Election of 1911
The main issue in the election of 1911 was free trade. At the time, the
Liberals were actually liberals in the original sense of the word, and
they were proponents of free trade. While Laurier supported the
proposed U.S. / Canada Reciprocity Agreement, Borden and the
Conservatives condemned it.
The support for free trade in Alberta (and Saskatchewan) was based on
the elimination of a U.S. imposed 25 cent per bushel tariff on wheat.
This was a U.S. response to MacDonald's 1879 National Policy, a
protectionist piece of legislation. In an all-too-familiar story, the
"National" Policy was designed to protect Ontario and Quebec
manufacturers from products imported from the U.S. or Great Britain.
The result was that Albertans were forced to pay high duties on
imported farm machinery, or buy the more expensive competitors' goods
from Ontario or Quebec. As has been the case with so many federal
government programs, Albertans gained no visible benefit from
protectionism, while Easterners did gain.
The results of the election were typical. The Liberals nearly swept
Alberta, grabbing 6 of 7 seats. Meanwhile, Borden's Conservatives
achieved a strong majority government, gaining 134 seats to the
Free Trade Agreement & NAFTA
Free trade has always been somewhat of an anathema to Canadians, yet
strongly supported by Albertans. As was the case in 1911, Albertans
strongly supported free trade by supporting the Free Trade Agreement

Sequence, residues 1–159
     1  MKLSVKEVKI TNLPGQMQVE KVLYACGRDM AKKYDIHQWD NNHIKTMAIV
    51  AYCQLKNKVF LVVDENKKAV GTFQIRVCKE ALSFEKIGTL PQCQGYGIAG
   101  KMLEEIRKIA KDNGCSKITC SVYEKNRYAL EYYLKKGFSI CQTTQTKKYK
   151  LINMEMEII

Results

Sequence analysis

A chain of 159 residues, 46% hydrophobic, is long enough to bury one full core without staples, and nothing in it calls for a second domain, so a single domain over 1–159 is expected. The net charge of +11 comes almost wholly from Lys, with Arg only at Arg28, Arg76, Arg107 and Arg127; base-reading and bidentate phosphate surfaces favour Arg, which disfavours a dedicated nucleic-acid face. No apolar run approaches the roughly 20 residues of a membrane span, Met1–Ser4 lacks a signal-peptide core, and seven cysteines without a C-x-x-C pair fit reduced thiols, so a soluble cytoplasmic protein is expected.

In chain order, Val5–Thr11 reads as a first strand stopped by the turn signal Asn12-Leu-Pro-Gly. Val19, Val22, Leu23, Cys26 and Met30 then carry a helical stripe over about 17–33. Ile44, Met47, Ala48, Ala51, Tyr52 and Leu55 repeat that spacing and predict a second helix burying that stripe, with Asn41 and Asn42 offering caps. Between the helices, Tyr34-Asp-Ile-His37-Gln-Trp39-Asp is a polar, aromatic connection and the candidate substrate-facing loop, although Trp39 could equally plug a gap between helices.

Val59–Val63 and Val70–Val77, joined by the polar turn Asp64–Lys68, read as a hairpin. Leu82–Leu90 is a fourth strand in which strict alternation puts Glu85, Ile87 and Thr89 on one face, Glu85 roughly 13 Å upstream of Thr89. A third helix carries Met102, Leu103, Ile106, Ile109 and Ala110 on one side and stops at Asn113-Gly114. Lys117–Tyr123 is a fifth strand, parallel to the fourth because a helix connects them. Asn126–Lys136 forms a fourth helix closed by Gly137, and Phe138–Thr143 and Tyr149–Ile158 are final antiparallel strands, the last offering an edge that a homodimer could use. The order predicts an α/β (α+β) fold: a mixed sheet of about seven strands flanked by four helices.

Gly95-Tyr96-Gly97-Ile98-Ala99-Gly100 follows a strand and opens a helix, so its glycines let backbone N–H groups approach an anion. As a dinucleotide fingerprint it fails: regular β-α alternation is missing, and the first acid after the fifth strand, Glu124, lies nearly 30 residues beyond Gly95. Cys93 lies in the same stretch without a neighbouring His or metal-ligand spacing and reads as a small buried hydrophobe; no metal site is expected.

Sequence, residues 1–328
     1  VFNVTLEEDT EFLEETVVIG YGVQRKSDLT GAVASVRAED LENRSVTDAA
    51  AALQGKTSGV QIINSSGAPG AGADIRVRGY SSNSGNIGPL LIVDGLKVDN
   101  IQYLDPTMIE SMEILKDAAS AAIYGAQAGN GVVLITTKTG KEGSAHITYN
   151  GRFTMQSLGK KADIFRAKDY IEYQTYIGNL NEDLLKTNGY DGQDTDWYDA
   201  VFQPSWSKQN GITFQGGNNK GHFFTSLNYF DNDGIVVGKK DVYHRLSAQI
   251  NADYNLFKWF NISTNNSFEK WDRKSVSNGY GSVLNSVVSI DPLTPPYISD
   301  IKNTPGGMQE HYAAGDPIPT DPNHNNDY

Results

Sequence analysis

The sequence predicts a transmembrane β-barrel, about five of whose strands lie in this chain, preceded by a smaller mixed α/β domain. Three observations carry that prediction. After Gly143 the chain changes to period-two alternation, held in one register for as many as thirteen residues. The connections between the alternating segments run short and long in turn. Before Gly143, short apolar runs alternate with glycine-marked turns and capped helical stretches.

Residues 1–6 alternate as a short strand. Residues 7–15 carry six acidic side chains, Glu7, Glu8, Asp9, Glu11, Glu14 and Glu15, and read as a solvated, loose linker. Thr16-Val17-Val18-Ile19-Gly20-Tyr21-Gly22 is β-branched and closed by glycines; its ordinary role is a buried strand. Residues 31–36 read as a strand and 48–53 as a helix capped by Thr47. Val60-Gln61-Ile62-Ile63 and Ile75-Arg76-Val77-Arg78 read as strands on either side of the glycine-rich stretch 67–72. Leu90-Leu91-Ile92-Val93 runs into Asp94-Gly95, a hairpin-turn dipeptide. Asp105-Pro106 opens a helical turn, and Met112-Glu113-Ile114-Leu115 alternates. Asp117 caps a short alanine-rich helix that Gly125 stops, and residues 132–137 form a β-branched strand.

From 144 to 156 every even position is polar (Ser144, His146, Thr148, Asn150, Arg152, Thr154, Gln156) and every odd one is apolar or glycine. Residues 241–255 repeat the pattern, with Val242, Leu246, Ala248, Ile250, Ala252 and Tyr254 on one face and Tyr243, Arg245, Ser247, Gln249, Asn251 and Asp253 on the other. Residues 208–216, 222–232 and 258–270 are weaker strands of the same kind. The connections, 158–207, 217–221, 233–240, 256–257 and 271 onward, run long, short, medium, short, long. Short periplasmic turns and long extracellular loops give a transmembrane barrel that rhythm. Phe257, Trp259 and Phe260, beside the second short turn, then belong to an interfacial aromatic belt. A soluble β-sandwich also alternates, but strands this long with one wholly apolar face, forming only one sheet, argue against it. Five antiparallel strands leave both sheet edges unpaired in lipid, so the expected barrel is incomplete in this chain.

between the U.S. and Canada in 1988.
The catalyst behind the election of 1988 was when the Liberal appointed
Senate refused to ratify the Free Trade Agreement passed by the
Conservatives. Left with any other alternative, Mulroney called an
There were only two provinces that supported the Progressive
Conservatives (and thus free trade) in 1988 to such an extent where the
Progressive Conservatives received a majority of the popular vote:
Quebec and Alberta. In every other province except Manitoba, the
Conservatives weren't even the most popular party, indicating the
contrasting views of free trade in Alberta versus the rest of Canada.
Let's look a little closer at those results. Albertans not only voted
51.8% in favor of the Progressive Conservatives, but also 15.4% to the
emerging Reform Party, indicating a massive majority of 67.2% of
Albertans supported parties who supported free-trade.
Quebec voted 52.4% for the Progressive Conservatives, but I posit that
this majority was the result of two factors:
1. Brian Mulroney was a francophone, and
2. John Turner wasn't.
If anyone doubts the propensity of Quebec to strongly favor francophone
candidates, consider that only one anglophone , John Diefenbaker, has
held a majority government in Canada in the past 50 years. Quebec
didn't vote for free trade; Quebec voted francophone.
Alberta simply got
lucky that the FTA was adopted. As was the case in the 1911 election,
Alberta voted strongly for free trade, while the rest of the country
opposed it.. Alberta (and the rest of Canada, the U.S. and eventually
Mexico) benefited from the coincidence that Mulroney happened to be for